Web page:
Common Desert Hazards
Temperature: While heat is normally a serious problem in the desert, it won’t really become one for another few months. Heatstroke shouldn’t be a concern given that. That said, see Temperature Rules for information in case it does come up.
Dehydration: The desert is demanding on the body, even when not incredibly hot or cold. As the body loses fluids, biological processes begin to break down. This leads to in pallor, shaking, nausea, and eventually, a complete collapse of the nervous system. Though dehydration can occur in any environment, the combination of high heat and low humidity typical in waste environments makes it an omnipresent threat there. In a desert environment, a character must consume double the normal water (most creatures need 1 gallon of water per day). The amount of water required to avoid dehydration increases by 1 gallon per temperature band higher than hot (so 3 gallons in severe heat, 4 in extreme heat, and so on). A creature can go without water for a number of hours equal to 24 + its Constitution score. After this time, the creature must make a successful Constitution check each hour (DC 10, +1 for each previous check) or take 1d6 points of nonlethal damage and become dehydrated (treat them as fatigued, and dehydrated characters always take lethal damage from hot conditions). In particularly hot environments (those above 90º F), the time a creature can go without water before making Constitution checks is reduced.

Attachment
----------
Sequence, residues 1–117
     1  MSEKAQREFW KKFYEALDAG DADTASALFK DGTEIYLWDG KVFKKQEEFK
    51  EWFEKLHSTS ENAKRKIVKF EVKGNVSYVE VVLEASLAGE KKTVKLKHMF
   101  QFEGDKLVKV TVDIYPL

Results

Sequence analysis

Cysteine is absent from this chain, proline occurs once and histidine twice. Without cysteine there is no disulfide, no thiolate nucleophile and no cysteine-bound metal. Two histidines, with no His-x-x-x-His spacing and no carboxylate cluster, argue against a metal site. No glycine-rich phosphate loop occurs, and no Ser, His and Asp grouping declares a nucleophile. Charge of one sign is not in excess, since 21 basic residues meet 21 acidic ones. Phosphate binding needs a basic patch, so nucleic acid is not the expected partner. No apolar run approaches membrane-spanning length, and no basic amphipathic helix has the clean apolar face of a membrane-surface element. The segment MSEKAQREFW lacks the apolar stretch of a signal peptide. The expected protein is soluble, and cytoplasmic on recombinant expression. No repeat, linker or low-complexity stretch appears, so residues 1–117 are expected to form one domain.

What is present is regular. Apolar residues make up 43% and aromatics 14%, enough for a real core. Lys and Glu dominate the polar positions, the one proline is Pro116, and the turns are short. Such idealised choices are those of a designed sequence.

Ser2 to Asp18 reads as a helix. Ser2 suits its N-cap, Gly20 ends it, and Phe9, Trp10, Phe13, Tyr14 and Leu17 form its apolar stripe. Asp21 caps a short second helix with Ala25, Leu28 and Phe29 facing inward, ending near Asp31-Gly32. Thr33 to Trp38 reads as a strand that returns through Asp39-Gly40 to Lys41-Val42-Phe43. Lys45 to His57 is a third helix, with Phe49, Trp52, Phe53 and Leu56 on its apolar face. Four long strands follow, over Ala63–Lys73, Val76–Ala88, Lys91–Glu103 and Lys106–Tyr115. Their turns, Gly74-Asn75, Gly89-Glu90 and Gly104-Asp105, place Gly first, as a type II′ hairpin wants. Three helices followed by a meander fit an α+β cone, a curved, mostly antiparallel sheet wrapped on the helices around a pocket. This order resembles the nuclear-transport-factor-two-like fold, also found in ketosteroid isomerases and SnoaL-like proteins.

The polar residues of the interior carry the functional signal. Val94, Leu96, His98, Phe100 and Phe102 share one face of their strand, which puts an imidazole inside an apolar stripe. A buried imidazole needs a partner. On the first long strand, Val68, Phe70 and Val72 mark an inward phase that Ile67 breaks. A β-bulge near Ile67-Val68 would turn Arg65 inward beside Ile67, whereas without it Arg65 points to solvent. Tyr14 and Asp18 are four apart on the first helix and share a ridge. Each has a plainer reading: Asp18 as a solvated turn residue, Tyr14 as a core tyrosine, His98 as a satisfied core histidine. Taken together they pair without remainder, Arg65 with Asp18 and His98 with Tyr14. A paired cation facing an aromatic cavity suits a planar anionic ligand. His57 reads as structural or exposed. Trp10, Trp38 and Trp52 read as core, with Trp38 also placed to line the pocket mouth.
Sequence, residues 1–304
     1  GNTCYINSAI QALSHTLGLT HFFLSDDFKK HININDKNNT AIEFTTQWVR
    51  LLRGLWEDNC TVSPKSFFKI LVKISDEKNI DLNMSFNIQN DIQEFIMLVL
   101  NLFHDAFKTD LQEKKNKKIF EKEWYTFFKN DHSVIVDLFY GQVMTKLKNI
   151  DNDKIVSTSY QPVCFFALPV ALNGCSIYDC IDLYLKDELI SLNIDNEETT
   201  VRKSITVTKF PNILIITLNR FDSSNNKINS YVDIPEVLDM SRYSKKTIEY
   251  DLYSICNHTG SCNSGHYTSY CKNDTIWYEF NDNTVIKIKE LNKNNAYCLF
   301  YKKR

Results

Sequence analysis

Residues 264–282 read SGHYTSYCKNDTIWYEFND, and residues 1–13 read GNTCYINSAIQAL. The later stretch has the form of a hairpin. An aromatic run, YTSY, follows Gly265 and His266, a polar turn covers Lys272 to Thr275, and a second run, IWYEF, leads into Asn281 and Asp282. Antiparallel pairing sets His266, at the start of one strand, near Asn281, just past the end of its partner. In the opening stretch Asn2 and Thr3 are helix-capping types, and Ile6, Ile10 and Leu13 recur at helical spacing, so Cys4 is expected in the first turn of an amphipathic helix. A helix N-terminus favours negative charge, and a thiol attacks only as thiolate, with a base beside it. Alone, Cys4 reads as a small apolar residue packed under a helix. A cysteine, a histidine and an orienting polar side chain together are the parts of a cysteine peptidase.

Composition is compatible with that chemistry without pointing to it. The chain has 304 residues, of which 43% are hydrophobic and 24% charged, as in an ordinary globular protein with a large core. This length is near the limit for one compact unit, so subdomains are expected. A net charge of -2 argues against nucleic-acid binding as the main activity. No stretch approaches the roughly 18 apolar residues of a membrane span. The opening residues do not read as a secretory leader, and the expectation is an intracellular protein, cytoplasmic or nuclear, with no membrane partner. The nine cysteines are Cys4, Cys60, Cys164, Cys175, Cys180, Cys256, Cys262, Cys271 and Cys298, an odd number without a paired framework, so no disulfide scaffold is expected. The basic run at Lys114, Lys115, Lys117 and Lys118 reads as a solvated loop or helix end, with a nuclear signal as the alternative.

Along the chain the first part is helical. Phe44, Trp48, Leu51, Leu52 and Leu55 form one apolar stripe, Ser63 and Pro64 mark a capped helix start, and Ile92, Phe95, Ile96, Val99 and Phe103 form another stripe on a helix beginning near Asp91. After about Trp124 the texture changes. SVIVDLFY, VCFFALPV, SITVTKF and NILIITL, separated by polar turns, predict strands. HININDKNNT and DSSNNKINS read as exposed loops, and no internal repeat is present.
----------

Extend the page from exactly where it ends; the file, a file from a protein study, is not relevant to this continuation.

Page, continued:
Deadly Gases: In a desert, PCs can attempt a Perception check (base DC 15) to notice potentially deadly or dangerous fumes leaking up from the broken badlands before coming to harm. Otherwise, they must succeed at a Fortitude save (Base DC 15) or take 1d4 points of Constitution damage and be nauseated for 10 minutes. Some gases may cause different effects and have different DCs, as may higher concentrations or quantities of gas.